Acrocentric bivalents positioned preferentially nearby to the XY pair in metaphase I human spermatocytes

Capsule:
Proximity frequencies of autosomic bivalents to the XY pair in metaphase I human spermatocytes were evaluated, showing a nonrandom bivalent distribution and a relative position pattern notably preserved from pachytene to metaphase I.

Authors:
Zaida Sarrate, Ph.D., Joan Blanco, Ph.D., Francesca Vidal, Ph.D.

Volume 98, Issue 5, Pages 1241-1245, November 2012

Abstract:

Objective:
To analyze if the preferential proximity between acrocentric bivalents and the XY pair described at pachytene was maintained in metaphase I human spermatocytes.

Design:
Proximity frequencies of autosomic bivalents to the sex bivalent were evaluated with the analysis of meiotic preparations combining sequentially standard techniques and Multiplex FISH.

Setting:
Assisted Reproduction Centers and Universitat Autònoma de Barcelona.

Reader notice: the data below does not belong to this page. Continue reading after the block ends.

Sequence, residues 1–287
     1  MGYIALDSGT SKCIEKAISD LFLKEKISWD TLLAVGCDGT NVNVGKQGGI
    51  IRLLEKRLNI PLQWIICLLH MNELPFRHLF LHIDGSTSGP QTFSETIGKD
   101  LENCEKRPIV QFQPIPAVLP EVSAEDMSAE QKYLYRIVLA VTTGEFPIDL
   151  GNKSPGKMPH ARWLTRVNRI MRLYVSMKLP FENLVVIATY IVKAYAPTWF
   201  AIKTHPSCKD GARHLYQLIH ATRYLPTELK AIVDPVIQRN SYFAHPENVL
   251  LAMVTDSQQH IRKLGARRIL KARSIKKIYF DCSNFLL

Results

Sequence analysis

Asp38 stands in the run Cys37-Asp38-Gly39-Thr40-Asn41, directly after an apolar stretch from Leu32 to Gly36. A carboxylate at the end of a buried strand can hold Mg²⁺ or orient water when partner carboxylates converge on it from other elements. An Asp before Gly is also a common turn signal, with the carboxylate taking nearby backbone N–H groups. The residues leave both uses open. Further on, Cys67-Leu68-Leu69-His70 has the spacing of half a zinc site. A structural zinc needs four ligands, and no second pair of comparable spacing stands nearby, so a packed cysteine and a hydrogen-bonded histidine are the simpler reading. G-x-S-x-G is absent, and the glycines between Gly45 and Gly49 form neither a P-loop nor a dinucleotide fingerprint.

Patient(s):
Thirty-seven men consulting for fertility problems.

Intervention(s):
Unilateral testicular biopsies.

Main Outcome Measure(s):
Proximity frequencies analysis to the XY pair, evaluated individually and grouping bivalents was carried out using a logistical regression model with repeated measures.

Result(s):
Bivalents 22 and 15 were observed more frequently near to the sex bivalent than the others. Significant interindividual differences were not observed.

Conclusions:
Results suggest that bivalents distribution to the metaphase plate is nonrandom. The maintenance of the acrocentric chromosomes proximity to the sex bivalent from pachytene to metaphase I would indicate that the relative bivalents position would be notably preserved. The observation of non-interindividual variability, in spite of different infertility etiology, proposes that nuclear organization pattern remains largely unaffected even if spermatogenesis is compromised.

  • Nasser

    Congratulations for this article. It is interesting and I think that there is a perfect link between basic research and the clinical point of view when you revise the translocation cases. As I can see in your tables, BV1 and BV16 are not tipically at the first ring. Did you find any interesting data for this two bivalents? I ask this because I am focusing on this two bivalents in my research. And do you know data about patients with proven fertility that, for example, had a testes biopsy because a previous vasectomy?
    Thank you and congratulations.

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